tortoise shell coral venus fly-traps
By Sydney Johnson
There is a convenience store in town, owned by a gentle shopkeeper. In the shop, the year’s Venus flytraps are dying… only until the kids arrive.
You have been taught to recognize patterns your entire life.
The gym sleeps, the halls sleep and when the bell rings its terrible cry, Bear, Fleur and Makeda quite nearly rip their homeroom door off of its hinges, rushing to fly their bikes down the street to meet the strange, gentle shop owner of the convenience store that all the parents whisper about during their parent meetings.
They rush, pedaling faster faster faster, Whoever grabs the store’s door handle last is a rotten egg! and when they finally get to the store they make quick work of locking their bikes, running inside and huddling around Yoshi like a life source, almost, game forgotten.
One day, they get out of school a little early. This is a definite way to make them happy. So when Makeda, hurriedly walking into the store asks, “Yoshi! Yoshi! How did you buy this shop?” it’s not a surprise to Bear or Fleur. They’re happy enough to ask questions too.
Yoshi responds, grin peaking at their excitement, “I inherited it from my grandmother. She owned it for as long as I could remember, and when she passed, this place was put under my name on her will. I take care of it because she gave it to me. You should do that too, take care of the things people give you. Look, come here. How did you get that necklace you have on Makeda?”
“It was my mom’s; she gave it to me on my sixth birthday and said to keep it safe since it’s… since a lot of my older family members had it before me.”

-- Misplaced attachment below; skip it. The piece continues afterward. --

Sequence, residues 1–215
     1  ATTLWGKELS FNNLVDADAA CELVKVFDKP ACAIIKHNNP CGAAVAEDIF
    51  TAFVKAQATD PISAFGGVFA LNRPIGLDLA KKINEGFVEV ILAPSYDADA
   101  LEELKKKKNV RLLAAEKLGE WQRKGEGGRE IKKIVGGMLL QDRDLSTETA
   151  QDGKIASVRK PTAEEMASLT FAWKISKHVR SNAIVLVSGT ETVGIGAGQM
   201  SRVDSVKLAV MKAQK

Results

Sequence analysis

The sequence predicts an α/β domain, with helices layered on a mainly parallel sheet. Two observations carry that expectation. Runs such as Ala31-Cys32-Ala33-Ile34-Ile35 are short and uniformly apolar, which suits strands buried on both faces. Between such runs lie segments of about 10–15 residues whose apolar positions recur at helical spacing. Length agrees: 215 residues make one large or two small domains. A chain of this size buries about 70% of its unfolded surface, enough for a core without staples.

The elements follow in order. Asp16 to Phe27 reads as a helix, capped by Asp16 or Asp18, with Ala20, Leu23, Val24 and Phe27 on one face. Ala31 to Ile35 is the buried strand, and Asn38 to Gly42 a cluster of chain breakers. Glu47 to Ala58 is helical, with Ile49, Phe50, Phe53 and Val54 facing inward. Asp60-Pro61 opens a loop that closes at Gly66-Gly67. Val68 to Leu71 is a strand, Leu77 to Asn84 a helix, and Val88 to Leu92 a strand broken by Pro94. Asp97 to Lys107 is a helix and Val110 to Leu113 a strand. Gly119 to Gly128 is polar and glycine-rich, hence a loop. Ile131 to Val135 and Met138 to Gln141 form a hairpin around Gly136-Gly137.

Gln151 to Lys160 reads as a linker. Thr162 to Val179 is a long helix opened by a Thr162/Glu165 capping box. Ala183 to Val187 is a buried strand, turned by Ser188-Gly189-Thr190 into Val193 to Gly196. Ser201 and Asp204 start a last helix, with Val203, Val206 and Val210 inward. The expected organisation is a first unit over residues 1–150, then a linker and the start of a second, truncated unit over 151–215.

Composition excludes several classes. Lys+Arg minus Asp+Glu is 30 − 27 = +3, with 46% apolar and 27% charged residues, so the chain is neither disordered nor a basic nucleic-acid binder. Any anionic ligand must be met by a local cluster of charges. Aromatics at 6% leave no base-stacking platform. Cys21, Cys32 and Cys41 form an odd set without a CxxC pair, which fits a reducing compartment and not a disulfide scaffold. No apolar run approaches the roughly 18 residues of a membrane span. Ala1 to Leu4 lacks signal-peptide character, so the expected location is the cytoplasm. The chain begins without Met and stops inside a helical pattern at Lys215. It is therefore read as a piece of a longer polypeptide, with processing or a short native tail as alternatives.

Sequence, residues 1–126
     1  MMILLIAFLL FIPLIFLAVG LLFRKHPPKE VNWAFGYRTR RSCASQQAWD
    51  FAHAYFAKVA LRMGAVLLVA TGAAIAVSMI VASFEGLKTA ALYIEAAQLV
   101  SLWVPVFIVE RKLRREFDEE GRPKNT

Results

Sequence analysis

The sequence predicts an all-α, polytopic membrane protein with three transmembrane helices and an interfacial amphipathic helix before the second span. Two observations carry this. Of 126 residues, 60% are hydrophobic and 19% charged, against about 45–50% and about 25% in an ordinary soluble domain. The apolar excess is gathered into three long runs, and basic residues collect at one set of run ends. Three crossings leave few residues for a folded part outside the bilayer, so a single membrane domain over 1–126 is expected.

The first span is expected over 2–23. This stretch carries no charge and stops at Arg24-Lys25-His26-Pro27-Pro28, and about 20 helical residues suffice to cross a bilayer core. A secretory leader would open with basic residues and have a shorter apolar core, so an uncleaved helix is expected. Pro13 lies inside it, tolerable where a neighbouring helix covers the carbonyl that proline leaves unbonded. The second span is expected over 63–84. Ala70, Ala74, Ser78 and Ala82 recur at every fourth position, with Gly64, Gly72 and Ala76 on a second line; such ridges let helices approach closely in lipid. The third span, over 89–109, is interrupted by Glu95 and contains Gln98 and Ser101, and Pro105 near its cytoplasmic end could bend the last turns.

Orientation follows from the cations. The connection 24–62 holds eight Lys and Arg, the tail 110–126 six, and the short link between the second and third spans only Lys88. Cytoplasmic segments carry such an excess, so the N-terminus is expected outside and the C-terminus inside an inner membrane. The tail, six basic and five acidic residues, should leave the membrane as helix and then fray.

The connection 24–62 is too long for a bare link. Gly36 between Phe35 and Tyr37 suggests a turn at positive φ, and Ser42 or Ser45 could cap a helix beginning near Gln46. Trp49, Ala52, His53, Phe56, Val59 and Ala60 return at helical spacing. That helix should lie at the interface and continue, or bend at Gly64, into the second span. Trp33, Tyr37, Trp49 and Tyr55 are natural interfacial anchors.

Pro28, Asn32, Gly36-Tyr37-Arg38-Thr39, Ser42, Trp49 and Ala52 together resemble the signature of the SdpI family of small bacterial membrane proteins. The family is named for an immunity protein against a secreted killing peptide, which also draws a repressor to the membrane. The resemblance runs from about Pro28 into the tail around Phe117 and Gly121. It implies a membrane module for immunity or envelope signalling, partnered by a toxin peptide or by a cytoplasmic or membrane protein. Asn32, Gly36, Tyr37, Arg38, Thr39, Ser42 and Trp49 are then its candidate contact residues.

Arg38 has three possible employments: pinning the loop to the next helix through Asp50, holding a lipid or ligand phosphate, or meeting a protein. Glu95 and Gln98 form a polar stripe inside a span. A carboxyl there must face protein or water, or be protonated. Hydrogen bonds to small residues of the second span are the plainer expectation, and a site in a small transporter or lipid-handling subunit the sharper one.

“A family heirloom.” Makeda perks up, and nods. That’s the word she was looking for. “Make sure you keep it safe then; it carries something really special.”
Makeda stares at nothing, and is made separate from the world. It takes a minute, but she comes back to herself in pieces and whisper-shouts an “okay!”
She had noticed something as Yoshi spoke careful words, a light buzz, a soft hum from the pearl dangling from her neck. She had felt the warmth of her ancestors, a reminder.
You are loved.
The kids and Yoshi met by pure chance, as most important things do, on a Monday after school when the air seemed a little bit too warm. Yoshi gave them a place to stay cool, and ice cream to balance the heat trapped in the convenience store. That’s all you need to do really, give people space to feel comfortable.
One day, Bear came into the store crying. Kind of quietly, but still crying. Behind him trailed Fleur and Makeda, also crying. Yoshi waited for them to enter the store before they said anything. They waited until the kids had all trudded in, and waited some more. Finally, they asked, “Would you all like a hug?”
The kids, bright-eyed and teary, rushed to Yoshi to throw their arms around them. When they pulled back, they started talking and didn’t stop.
It turned out that Bear had gotten tripped earlier that day in school. He cried when he hit the ground and he cried when he saw that he had scraped his knee, and when Fleur and Makeda saw him crying, they started to cry too. They cried all the way to Yoshi’s shop. And they cried together. And they cried in Yoshi’s arms, still. But the hug made the pain from the scrape and the pain from seeing a friend in pain bearable.
The parents of this town have watched this corner store, with its cigarettes-planted-in-sand- boxes window sills, gum and candy and lighters, lying magazines and cheap keepsakes and dying-cacti-filled back room for months now. They wonder, sometimes, why all of the kids love Yoshi so much.
I wanted to write a series about wonder, and explore the idea (which I’ve heard a lot) that as you age you get closer to becoming a baby again. This piece is the first part of it, and combines the two previously mentioned ideas.
Sydney Johnson is a long time reader, inquisitive writer and student. She loves listening to and making music, her houseplants and the visual and written arts. Her goal as a writer is to have the ability to guide her readers into understanding even her most complex thoughts.